The American technology industry has been shifting jobs out of the country for decades, in large part to India.
Companies such as Google and Microsoft employ thousands of people in India, while other large companies, such as Oracle, Dell, and IBM, employ a majority of their workers outside the United States. The trend toward globalization is an example of the type of outsourcing the Trump administration wants to reduce.
Today, IBM employs 130,000 people in India, according to a new report by The New York Times. That number represents about one-third of its total workforce, with the company employing more people there than in any other single country, even more than it employs in the U.S.
The company has nearly doubled the number of its employees in India since 2007, and its U.S. workforce is shrinking at the same time. Yet outsourcing to India has been vital to keeping costs low for IBM, as they have posted 21 consecutive quarters of revenue declines, the report states.
According to the Times: “Although IBM refuses to disclose exact numbers, outsiders estimate that it employs well under 100,000 people at its American offices now, down from 130,000 in 2007. Depending on the job, the salaries paid to Indian workers are one-half to one-fifth those paid to Americans, according to data posted by the research firm Glassdoor.”
Low-cost employees seem to be the draw for American technology companies – especially to India, which has technically-trained, English-speakers willing to take the lower wages.
A chart in the report highlights the number of Indian employees at six American companies, versus their overall workforce:
Company/ Employees in India/Overall workforce
Alphabet (Google)/ 1,800/72,000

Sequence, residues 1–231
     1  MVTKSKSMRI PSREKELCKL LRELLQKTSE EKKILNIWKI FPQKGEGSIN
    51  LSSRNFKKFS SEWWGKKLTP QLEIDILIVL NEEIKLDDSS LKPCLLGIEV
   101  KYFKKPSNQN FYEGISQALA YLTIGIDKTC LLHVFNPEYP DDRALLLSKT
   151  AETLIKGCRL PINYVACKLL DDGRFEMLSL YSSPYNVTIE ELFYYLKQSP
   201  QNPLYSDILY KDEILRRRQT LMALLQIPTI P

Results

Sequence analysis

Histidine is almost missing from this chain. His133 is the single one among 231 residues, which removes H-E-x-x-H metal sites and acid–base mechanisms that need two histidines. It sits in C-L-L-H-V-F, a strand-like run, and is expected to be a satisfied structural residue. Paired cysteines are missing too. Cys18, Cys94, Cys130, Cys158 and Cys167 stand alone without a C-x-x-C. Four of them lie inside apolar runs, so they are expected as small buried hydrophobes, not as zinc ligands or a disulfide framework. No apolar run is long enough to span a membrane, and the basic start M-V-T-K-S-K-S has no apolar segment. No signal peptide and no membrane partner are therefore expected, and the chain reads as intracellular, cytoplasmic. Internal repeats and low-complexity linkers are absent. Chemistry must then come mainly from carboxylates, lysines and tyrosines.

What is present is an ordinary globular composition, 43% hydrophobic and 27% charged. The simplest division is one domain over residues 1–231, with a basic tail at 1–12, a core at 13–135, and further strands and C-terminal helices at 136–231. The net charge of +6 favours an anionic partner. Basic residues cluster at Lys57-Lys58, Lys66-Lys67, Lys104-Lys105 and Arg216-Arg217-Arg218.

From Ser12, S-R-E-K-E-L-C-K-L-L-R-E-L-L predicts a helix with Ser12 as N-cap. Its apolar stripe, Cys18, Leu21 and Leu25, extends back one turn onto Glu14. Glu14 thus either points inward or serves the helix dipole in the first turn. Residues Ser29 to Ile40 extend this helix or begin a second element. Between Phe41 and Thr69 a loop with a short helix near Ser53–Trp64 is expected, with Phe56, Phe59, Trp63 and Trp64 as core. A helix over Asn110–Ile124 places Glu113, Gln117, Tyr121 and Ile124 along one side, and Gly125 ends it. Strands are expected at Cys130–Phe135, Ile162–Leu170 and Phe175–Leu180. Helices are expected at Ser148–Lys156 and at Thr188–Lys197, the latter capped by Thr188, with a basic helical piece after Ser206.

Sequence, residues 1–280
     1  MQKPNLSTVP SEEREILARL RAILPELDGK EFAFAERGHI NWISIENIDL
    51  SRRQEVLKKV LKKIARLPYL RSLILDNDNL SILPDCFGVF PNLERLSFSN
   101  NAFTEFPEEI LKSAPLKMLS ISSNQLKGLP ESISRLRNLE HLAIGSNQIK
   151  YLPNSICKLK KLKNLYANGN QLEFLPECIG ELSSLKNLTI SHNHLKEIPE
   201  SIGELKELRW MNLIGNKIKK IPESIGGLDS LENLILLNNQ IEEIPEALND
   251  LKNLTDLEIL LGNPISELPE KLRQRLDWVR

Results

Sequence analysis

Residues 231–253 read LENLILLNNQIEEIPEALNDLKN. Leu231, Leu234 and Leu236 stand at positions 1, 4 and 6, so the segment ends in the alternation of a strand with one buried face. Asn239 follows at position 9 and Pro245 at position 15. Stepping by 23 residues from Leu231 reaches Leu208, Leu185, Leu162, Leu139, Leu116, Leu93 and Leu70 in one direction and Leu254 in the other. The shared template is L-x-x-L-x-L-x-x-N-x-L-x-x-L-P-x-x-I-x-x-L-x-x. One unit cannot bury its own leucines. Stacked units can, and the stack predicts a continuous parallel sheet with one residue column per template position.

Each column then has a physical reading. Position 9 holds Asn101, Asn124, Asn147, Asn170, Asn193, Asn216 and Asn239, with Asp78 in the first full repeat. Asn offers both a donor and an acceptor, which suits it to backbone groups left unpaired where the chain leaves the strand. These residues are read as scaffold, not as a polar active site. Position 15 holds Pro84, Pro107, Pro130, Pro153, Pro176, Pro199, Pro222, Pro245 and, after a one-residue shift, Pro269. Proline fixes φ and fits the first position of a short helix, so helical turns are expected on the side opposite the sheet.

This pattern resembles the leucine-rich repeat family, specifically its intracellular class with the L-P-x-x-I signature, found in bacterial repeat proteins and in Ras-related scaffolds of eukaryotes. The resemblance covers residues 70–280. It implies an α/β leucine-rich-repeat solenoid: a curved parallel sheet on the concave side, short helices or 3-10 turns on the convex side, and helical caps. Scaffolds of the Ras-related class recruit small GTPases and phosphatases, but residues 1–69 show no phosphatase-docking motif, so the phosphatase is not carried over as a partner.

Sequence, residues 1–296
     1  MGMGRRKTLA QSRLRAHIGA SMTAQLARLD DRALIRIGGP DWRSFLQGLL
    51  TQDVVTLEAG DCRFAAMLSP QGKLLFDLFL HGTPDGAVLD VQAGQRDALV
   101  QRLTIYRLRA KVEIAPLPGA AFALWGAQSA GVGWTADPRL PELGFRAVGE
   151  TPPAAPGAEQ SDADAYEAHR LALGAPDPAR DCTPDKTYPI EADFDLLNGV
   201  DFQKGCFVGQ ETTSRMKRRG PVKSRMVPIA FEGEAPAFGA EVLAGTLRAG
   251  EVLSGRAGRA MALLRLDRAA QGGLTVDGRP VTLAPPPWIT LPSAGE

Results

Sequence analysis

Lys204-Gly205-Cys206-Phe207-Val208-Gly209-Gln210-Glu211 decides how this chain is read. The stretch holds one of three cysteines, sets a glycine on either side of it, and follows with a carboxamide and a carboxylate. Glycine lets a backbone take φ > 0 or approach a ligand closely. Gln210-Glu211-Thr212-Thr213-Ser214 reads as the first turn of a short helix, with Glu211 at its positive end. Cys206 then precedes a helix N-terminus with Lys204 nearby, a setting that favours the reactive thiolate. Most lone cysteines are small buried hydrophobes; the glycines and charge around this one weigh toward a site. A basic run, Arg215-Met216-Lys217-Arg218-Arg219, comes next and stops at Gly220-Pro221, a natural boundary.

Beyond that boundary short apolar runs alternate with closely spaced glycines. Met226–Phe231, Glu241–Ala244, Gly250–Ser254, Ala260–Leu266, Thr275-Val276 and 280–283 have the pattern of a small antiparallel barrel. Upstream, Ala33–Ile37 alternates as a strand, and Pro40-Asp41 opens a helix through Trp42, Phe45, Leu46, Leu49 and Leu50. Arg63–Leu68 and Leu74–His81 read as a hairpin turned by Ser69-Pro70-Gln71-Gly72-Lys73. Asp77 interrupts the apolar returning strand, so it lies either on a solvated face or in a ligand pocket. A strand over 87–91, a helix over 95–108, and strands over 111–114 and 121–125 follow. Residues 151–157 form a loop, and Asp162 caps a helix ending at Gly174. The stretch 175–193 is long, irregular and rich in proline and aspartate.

According to the Times, an associate professor of public policy at Howard University who studies globalization and immigration, Ronil Hira, said IBM’s outsourcing success in India shows that even the best-paying American tech jobs are at risk.
“The elites in both parties have had this Apple iPhone narrative, which is, look, it’s O.K. if we offshore the lower-level stuff because we’re just going to move up,” he said. “This is a wake-up call. It’s not just low-level jobs but high-level jobs that are leaving.”
IBM caught the attention of President Donald J. Trump who, during a November campaign rally in Minneapolis, accused the company of laying off 500 Minnesotans and moving their jobs to India and other countries, a claim IBM denied.
President Trump maintains that too many foreigners are taking tech jobs from Americans. He signed an executive order in April which discouraged the granting of H-1B temporary work visas for lower-paid tech workers.
Each year, H-1B visas are distributed by lottery. Technology companies say they rely on the H-1B program, claiming that the United States has a shortage of skilled technology workers.
After drawing President Trump’s attention, IBM’s chief executive, Ginni Rometty, pledged to create 25,000 new American jobs, and has also “discussed with the new administration plans to modernize government technology and expand tech training for people without four-year college degrees.”
Yet IBM maintains that the company decides where to put jobs based on where it can find “enough qualified workers.”
To that end, the Trump administration announced a new directive Monday, which will boost the U.S. government’s support for science, tech, engineering and mathematics (STEM) and computer science education, including coding. The funding for technology education is meant to prepare Americans for future high-demand, computer-science careers.
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